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File:Helen Keller.jpg

Deafblind American author, activist, and lecturer Helen Keller in 1905

Deafblindness is the condition of little or no useful sight and hearing. As with the word "Deaf," it can be capitalized to indicate that it is a culture; some prefer the spelling "DeafBlind". Deafblind people have an experience quite distinct from people who are only deaf or only blind.

Communication[edit | edit source]

Deafblind people communicate in many different ways determined by the nature of their condition, the age of onset, and what resources are available to them. For example, someone who grew up deaf and experienced vision loss later in life is likely to use a sign language (in a visually-modified or tactual form). Others who grew up blind and later became deaf are more likely to use a tactile mode of their spoken/written language. Methods of communication include:

Multisensory methods have been used to help deafblind people enhance their communication skills. These can be taught to very young children with developmental delays (to help with pre-intentional communication), young people with learning difficulties, or older people, including those with dementia. One such process is Tacpac.

Causes[edit | edit source]

There are over 70 known causes of deafblindness[1]. Causes can be categorised into two groups: acquired and congenital.

Acquired[edit | edit source]

The majority of people with sight and hearing impairments have had both sight and hearing throughout most of their lives, and experienced a loss of those senses through illness, injury or age. According to, about 4% of people over 60 in the UK have both hearing and vision impairments. Most people with acquired sight and hearing loss retain some useful sight and/or hearing. Some people have congenital deafness and acquired blindness (such as glaucoma or cataracts) or vice-versa.

Congenital[edit | edit source]

Children born deaf and blind are described as having congenital deafblindness. This condition may be due to prenatal infection (such as rubella), genetic/chromosomal syndromes (such as Down syndrome), birth trauma or maternal heavy alcohol and drug use. Some congenital conditions will not cause deafblindness until later in life. reports that the biggest cause of deafblindness in children in the western world today is 'unknown.' Maternal rubella was once the major cause of deafness and deafblindness in the west, but is now rare due to widespread vaccination programs.

Usher syndrome is also a major contributor to deafblindness. It is a genetic condition of people born deaf or hard of hearing, who gradually start to lose their sight. The sight loss usually begins in late childhood and is caused by an eye condition known as Retinitis Pigmentosa. Early symptoms include night blindness and loss of peripheral vision. It affects 3-6% of the people in the UK who were born deaf or partially hearing (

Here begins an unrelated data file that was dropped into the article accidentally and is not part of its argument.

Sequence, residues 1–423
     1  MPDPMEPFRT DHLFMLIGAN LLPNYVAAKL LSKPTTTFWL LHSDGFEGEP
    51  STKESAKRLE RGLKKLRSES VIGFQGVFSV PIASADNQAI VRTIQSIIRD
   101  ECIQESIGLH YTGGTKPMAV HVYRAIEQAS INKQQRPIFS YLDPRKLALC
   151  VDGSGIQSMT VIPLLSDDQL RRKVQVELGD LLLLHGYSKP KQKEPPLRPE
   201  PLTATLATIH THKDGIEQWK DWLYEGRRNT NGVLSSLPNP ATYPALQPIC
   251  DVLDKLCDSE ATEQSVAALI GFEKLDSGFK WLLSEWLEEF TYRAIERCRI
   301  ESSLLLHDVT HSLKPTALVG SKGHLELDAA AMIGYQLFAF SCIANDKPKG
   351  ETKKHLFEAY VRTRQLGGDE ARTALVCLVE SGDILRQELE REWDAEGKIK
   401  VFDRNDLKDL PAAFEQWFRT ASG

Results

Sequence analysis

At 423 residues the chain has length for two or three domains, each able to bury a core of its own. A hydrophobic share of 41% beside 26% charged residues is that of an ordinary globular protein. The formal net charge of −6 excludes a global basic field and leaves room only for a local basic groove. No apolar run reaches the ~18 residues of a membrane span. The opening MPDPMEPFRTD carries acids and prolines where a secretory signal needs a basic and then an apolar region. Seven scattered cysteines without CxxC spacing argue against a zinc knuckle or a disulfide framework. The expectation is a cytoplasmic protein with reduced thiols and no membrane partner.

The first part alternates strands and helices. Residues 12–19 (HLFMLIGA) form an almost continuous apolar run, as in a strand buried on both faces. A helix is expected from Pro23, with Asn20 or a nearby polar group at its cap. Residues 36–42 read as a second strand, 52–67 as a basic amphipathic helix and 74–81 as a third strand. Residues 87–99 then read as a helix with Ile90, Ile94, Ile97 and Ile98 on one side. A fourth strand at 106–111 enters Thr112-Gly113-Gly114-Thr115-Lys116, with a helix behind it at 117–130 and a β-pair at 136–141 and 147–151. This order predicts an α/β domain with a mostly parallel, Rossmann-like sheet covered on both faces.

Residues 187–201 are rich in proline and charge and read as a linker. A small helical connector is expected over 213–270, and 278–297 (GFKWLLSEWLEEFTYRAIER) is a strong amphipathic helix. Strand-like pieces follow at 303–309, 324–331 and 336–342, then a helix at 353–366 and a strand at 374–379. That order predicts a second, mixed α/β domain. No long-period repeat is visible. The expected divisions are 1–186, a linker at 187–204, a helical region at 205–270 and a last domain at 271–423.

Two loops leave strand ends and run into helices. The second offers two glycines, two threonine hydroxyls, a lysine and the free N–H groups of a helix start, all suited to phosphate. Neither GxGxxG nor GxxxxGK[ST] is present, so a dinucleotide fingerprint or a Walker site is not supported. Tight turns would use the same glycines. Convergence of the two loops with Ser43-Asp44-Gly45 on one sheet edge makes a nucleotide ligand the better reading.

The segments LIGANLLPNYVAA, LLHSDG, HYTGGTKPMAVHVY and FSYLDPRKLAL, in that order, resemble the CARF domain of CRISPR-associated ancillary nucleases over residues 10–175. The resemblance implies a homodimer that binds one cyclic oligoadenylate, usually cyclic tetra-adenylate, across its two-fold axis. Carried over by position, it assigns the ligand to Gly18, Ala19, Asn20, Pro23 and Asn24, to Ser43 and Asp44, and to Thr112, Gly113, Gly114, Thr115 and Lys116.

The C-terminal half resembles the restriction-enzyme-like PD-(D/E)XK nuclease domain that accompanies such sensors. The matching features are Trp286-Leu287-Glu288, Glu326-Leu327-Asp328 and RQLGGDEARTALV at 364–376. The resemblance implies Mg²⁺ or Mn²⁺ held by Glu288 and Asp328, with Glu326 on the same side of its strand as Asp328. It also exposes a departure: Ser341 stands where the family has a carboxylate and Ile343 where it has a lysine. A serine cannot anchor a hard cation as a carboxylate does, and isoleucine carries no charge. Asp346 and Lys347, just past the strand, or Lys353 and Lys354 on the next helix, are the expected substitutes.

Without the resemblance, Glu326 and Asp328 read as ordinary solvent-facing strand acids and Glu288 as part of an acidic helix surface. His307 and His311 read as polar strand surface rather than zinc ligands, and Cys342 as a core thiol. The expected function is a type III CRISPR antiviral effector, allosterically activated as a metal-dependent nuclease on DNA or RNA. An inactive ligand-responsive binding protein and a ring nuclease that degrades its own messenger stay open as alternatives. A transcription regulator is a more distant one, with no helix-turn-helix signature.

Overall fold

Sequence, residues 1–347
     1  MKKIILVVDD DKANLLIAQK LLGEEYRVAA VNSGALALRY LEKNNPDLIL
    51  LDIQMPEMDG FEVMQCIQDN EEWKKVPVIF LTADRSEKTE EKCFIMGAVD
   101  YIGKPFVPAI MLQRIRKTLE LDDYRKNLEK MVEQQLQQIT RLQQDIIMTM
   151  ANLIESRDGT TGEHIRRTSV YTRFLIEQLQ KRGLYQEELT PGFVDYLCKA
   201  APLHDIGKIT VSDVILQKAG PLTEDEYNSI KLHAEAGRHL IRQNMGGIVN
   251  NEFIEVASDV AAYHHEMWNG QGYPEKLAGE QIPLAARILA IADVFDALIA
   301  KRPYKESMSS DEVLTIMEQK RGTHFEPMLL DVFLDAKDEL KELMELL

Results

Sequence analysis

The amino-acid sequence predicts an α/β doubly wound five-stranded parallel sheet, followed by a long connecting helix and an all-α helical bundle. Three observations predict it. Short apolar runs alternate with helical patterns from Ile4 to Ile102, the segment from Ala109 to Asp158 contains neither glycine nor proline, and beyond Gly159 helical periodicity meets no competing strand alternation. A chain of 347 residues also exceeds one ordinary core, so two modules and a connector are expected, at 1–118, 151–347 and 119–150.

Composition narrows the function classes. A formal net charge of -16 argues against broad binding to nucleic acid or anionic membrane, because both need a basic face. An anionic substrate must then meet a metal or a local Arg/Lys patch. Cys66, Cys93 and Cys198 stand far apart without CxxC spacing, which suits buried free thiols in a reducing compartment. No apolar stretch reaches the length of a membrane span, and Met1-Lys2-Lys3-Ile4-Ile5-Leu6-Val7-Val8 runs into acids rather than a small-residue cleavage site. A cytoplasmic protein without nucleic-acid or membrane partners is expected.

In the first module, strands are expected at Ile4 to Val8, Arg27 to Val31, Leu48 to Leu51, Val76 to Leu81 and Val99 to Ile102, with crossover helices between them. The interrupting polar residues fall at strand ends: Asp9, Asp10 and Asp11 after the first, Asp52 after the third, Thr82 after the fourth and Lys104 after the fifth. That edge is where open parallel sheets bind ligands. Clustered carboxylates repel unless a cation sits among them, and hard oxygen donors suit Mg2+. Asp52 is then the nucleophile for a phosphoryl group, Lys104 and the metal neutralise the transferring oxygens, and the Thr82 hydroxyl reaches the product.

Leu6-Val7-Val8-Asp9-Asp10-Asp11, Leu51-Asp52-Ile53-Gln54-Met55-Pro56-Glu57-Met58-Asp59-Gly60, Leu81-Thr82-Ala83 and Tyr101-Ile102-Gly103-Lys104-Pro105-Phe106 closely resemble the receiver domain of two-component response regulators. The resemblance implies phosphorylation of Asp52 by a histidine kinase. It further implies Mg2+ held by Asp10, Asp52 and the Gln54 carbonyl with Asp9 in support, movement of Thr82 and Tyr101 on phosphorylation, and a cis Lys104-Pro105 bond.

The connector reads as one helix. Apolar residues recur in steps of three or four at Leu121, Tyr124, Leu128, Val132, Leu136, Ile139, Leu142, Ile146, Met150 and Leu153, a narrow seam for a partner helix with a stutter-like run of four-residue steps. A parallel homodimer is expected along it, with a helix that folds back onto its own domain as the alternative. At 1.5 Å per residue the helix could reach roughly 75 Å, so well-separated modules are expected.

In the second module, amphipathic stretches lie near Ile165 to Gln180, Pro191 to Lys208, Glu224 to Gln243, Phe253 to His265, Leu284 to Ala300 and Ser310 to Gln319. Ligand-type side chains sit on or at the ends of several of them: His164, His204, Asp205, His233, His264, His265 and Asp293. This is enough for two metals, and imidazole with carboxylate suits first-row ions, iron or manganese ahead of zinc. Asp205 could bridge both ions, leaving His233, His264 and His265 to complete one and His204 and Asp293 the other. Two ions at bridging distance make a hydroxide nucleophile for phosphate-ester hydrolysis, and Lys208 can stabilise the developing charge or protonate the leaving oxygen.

Deafblind people in history[edit | edit source]

  • Francisco Goya (1746–1828): a Spanish painter, deaf and blind by the time of his death. [2]
  • Victorine Morriseau (1789–1832): First deafblind person to be educated in Paris
  • James Mitchell (1795–1869): congenitally deafblind son of Scottish minister
  • Hieronymus Lorm (19th century): inventor and novelist
  • Sanzan Tani (1802–1867): Japanese teacher who became deaf in childhood and blind later in life, communicating with students by touch.
  • Laura Bridgman (1829–1889): first deafblind child to be successfully educated in the US
  • Mary Bradley (?–1866): first deafblind child to be successfully educated in the UK
  • Joseph Hague (?–?): second deafblind child to be successfully educated in the UK
  • Julia Brace (1807–1884)
  • Eliza Cooter (1841–1860)
  • Robert Dewar (1860–1877)
  • Ragnhild Kåta (1873–1947): Norway
  • Yvonne Pitrois (1880–1937): French biographer
  • Helen Keller (1880–1968): author, activist, and lecturer
  • Alice Betteridge (1901–1966): first deafblind Australian to be educated. Teacher, traveller, writer.
  • Jack Clemo (1916–1994): British poet who became deafblind as an adult
  • Raimo Williams (1917–1945)
  • Robert Smithdas (1925–): the first DeafBlind person in the US to receive a master's degree.
  • Georgia Griffith (circa 1930–)
  • John J. Boyer (1936–)
  • Richard Kinney (?–?): Educator, lecturer, and poet; president of the Hadley School for the Blind from 1975 to 1979.
  • Danny Delcambre (born 1959)
  • Theresa Poh Lin Chan (born c. 1944)
  • Aletrishe Nietrà's granddaughter Sillian (1989-1994)

See also[edit | edit source]

References[edit | edit source]

  1. ^ - What is deafblindness?
  2. ^ - a partial list of causes of deafblindness
  3. ^ - an NGO working with deafblind people

External links[edit | edit source]

Information to nurture, empower, and instruct children who are deaf-blind

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